Teenagers are a main driver because they can do it at school and home in situations where talking is either forbidden or frowned on.

    Similarly my wife texts me at work because, as a teacher, I am usually unable to talk. It's far more convenient (and reliable).

    [(myl) But all that was equally true in 2003, when texting was ubiquitous at least among young people in Japan and Europe, and almost completely non-existent in the U.S.]

  22. Carl said,

    June 7, 2011 @ 12:03 am

    I wonder if part of it was the rise of the Motorola RAZR? I think that phone took the American market by storm and revolutionized how phones were used. Before that, getting a phone with a color screen was a bit outré. The Wiki says it launched in 2005, so the timing fits.

  23. John Walden said,

    June 7, 2011 @ 1:38 am

    Was the early adaptation of pagers in the US anything to do with it? There was a time when they were in the pockets of teenagers, at least in the plots of films from the US, when I don't recall them in Europe, except in the hands of business men.

  24. Joel said,

    June 7, 2011 @ 8:45 am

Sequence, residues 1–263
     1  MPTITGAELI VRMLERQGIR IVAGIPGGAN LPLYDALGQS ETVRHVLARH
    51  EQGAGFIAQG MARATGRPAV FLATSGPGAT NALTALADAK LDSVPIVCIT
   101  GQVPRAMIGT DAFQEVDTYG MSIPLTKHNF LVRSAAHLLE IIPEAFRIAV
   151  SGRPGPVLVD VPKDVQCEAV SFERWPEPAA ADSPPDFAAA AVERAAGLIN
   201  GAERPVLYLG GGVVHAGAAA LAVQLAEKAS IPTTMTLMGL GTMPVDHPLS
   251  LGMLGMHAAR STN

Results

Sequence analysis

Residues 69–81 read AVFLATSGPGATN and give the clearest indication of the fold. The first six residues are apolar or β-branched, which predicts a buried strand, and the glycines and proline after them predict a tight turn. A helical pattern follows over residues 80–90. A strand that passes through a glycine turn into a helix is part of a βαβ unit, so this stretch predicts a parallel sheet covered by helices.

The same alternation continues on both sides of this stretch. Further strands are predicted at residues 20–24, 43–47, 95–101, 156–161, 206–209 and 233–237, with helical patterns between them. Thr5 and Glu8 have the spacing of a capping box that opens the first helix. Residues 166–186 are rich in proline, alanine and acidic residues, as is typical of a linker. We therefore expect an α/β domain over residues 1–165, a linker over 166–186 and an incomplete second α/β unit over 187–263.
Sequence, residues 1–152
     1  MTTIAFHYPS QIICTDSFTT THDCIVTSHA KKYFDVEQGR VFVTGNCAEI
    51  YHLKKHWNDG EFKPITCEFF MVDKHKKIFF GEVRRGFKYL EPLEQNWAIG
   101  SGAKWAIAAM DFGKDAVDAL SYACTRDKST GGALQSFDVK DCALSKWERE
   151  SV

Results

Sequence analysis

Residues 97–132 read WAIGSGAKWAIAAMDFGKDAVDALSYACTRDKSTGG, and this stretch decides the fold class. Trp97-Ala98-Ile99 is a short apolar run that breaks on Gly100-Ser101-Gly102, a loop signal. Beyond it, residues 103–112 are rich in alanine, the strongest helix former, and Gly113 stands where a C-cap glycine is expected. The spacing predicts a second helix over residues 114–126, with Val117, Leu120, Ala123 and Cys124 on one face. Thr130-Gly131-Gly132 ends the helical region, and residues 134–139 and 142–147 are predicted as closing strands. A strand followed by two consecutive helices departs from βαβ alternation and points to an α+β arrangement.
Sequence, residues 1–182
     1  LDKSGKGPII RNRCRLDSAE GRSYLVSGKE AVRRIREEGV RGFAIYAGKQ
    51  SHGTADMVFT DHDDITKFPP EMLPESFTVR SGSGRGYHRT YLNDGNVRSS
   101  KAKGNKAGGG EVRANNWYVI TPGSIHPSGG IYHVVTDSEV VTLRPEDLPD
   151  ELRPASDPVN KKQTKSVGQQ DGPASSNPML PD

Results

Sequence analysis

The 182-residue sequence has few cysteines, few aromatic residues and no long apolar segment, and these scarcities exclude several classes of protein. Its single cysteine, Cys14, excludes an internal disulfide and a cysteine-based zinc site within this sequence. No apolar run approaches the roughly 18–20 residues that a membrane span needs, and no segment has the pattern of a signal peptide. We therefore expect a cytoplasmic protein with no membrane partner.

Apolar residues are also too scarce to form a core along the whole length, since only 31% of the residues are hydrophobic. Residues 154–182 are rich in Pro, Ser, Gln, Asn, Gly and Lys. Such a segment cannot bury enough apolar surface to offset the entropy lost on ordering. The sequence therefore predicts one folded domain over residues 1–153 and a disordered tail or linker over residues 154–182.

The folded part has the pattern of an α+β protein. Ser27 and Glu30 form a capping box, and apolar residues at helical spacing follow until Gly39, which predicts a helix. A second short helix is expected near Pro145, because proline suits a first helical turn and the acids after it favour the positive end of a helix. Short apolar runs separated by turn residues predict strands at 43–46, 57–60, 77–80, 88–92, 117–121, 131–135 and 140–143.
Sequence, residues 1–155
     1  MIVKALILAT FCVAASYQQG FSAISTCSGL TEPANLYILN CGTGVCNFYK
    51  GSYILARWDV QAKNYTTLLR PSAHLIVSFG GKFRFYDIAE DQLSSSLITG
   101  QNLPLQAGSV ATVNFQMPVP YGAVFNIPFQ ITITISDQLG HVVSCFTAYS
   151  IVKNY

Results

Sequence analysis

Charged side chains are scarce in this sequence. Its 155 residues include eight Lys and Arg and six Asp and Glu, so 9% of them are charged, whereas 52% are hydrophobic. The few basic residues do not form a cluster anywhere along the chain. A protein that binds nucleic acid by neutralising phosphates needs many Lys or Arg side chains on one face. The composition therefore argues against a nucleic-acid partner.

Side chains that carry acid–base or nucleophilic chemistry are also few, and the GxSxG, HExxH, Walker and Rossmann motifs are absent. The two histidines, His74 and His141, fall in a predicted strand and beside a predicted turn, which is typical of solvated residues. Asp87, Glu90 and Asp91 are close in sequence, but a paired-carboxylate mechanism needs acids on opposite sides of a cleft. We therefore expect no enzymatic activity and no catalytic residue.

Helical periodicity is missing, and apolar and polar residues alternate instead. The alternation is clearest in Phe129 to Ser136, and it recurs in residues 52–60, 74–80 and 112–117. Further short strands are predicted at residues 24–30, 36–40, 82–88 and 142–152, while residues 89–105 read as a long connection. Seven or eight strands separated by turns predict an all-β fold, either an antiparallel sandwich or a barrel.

As an American living in Japan, I too noticed the difference. After obtaining my mobile plan with the Japanese carrier Softbank, I realized that the typical mobile plans from Verizon, AT&T etc. were different with respect to allotted phone minutes (I remember having 400 per month in America in addition to roll-over minutes). As a Softbank user, I pay an expensive monthly fee in addition to 21¥ for every 30 seconds talking on my phone. With prices like that and an unlimited data plan, I found myself texting/e-mailing more than making actual phone calls.

  25. marc said,

    June 7, 2011 @ 9:17 am

    Any non-professional with a pager was deemed to be a drug dealer in the US in the 80s and 90s. They were never that popular with teenagers.